[Ivashov] Yes, this is true. You know that even if the tragic events of 11 September had not occurred the Americans would still have found a pretext for clambering into Afghanistan. The Americans made skilful use of the potential created by Russia and Iran for the victories in Afghanistan. In carrying out the missions of the antiterrorist operation the Americans bombed the Taleban essentially without any risk to themselves. Subunits of the Northern Alliance and the Pushtun tribes have taken part in the ground operations. The Americans carried out all sorts of public relations exercises there, saying that special forces have landed in various places. But in fact they took hardly any part in active combat operations directly on the ground, they are protecting their soldiers. They will carry out special operations and subsequently will activate other levers - military-diplomatic, economic, via the special services, and so forth. The most important thing for them is to consolidate their position in Afghanistan and establish control over this crucial region of Central Asia. This will not necessarily be done by military methods alone.... This is merely a prelude to a major skirmish to establish control over Central Asia.
USA persistently sidelines Russia in Central Asia
[Correspondent] Do you think that they have gone in there for the long haul?
[Ivashov] Yes I do. Let us go back a few years. A fairly modest peacekeeping contingent - the Central Asian Battalion - was formed in Central Asia. It included certain CIS countries. Exercises were held. The Americans attached the most enormous significance to these exercises. They funded them and took part in them. In 1998, unless I am mistaken, US airborne troops, travelling from US territory, flew over CIS territory without landing and, by means of mid-air refuelling, landed in Kazakhstan. The strategic system of command and control, the command and control of US strategic aviation, was being tried out here and Gen [Henry H.] Shelton, commander of the special forces and a future chairman of the Joint Chiefs of Staff, made a parachute jump together with his men into the territory of Kazakhstan. Each year they took part in the same way. It should not be forgotten that literally 30 months ago the United States declared Central Asia a zone of responsibility for the US Central Command without asking anyone's permission. They showed an interest in Central Asia long ago and this is no chance interest. Now they have a pretext and they have gone in there. They are in there for the long haul, if not for good.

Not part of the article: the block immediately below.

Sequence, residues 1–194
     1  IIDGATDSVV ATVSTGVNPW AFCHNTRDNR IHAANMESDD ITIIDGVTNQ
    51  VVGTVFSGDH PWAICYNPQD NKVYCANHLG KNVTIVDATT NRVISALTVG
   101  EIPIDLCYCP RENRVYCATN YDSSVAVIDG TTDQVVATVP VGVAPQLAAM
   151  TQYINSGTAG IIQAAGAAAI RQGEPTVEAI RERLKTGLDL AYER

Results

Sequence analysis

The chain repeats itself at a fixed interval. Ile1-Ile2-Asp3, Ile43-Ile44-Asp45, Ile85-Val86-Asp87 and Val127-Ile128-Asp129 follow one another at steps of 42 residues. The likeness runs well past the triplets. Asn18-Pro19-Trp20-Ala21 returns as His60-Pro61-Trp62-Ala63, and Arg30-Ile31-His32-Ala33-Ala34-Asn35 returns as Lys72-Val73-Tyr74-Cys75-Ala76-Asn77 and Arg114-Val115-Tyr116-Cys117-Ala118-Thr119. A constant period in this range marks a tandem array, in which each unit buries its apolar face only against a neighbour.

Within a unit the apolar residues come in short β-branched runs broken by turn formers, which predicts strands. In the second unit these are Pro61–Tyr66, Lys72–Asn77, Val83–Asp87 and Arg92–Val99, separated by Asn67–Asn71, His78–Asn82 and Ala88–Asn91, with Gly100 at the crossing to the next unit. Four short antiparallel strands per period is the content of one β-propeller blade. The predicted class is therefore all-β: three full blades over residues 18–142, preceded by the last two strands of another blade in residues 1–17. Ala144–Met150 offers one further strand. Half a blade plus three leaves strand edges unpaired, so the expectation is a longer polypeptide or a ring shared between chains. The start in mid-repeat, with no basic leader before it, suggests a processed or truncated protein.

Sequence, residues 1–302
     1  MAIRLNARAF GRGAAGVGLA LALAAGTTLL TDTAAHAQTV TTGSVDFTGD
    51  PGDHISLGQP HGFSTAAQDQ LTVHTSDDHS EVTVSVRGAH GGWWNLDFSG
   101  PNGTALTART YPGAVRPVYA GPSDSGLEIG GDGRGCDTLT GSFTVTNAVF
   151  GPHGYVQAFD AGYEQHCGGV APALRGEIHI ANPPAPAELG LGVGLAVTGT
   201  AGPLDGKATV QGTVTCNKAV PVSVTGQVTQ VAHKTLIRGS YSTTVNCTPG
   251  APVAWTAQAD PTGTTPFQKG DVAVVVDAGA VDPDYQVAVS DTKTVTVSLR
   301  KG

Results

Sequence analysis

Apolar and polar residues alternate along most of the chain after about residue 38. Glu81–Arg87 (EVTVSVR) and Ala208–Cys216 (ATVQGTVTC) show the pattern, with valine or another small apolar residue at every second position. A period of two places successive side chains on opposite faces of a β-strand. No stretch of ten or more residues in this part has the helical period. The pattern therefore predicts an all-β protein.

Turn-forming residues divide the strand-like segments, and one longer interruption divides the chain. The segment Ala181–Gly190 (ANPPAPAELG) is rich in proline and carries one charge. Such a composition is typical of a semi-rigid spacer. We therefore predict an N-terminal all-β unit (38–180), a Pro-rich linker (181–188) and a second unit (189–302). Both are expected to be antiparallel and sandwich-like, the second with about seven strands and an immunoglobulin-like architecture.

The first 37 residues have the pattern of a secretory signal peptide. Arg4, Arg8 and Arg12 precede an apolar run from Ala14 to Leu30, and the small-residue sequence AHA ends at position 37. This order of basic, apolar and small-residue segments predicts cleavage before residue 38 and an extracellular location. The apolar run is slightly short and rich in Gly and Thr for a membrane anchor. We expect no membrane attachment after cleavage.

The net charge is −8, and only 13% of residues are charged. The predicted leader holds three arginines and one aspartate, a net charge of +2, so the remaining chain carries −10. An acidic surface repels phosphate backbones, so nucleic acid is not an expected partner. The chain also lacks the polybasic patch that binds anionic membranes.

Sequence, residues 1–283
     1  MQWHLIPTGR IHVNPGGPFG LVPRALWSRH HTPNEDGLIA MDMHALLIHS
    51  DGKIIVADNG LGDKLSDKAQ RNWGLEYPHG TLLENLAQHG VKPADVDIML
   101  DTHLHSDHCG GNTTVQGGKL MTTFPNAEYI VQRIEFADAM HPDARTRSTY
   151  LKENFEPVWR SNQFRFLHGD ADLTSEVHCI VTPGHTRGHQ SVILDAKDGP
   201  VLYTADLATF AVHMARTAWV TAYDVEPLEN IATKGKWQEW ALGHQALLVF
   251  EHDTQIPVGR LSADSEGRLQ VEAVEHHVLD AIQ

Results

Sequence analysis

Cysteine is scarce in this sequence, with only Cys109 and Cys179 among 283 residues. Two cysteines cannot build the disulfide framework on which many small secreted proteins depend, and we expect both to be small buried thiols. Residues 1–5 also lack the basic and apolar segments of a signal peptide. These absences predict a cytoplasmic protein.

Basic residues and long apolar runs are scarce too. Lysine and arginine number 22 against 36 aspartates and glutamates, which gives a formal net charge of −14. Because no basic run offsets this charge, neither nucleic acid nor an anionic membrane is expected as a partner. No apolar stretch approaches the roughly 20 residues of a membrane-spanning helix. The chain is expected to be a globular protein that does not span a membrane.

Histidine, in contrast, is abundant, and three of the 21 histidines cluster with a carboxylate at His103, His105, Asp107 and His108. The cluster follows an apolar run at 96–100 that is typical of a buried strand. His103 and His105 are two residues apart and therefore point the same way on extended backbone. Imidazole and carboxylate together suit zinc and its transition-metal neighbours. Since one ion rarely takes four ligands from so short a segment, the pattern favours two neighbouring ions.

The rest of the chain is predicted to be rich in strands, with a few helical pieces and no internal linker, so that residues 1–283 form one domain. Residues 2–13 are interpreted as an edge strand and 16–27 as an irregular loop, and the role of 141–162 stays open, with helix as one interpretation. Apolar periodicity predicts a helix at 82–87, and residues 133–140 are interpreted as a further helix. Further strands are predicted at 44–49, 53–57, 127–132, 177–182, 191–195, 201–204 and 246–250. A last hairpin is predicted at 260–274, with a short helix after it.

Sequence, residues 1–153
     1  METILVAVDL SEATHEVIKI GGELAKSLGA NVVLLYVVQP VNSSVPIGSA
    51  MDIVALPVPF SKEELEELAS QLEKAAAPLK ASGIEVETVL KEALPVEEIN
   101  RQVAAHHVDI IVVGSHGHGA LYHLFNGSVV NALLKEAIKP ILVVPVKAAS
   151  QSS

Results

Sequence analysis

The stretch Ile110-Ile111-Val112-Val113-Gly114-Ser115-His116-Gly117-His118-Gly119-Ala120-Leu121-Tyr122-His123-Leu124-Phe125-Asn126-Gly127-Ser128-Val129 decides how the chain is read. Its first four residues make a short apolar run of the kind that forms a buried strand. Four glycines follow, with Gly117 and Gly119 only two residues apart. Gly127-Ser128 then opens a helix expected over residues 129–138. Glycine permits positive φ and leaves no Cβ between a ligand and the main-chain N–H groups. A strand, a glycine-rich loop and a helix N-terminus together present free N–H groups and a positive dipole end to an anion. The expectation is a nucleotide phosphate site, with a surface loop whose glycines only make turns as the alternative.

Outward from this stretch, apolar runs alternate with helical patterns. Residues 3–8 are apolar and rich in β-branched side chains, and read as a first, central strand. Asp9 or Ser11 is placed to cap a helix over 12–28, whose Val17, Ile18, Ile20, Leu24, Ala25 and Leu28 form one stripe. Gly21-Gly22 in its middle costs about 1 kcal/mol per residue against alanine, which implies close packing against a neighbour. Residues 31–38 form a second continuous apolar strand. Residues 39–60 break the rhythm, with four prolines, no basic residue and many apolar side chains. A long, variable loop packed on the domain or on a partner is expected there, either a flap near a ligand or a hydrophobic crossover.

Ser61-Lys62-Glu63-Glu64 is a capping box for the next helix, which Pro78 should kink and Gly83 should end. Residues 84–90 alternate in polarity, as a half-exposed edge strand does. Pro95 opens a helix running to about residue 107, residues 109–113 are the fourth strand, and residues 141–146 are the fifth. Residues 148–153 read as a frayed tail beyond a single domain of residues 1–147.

[Correspondent] Do they need access to Central Asia's rich resources?
[Ivashov] I shall quote a phrase used by US Secretary of Energy [Bill] Richardson in 1999: "The direction of US policy must coincide with the directions of the oil routes." No comment needed here, as they say.
The United States is seeking to build up its military and economic power and has no qualms about this. In its National Security Strategy it writes that it "must have the capability and determination to exert influence on other states' actions for the purpose of ensuring global superiority."
[Correspondent] Has Russia now lost its geopolitical influence in the region?
[Ivashov] Unfortunately it is losing it. But by and large it has an opportunity to preserve or intensify this influence. In my opinion the important thing is to correctly determine the long-term geopolitical line of conduct in this region. At the same time we should not forget what an important role is played for the Russian Federation in this region not only by the CIS countries but also by China, India, and Iran. After all, it is by no means a coincidence that the Shanghai cooperation organization, which has good prospects in regard to the collective security system in Asia, was formed less than a year ago.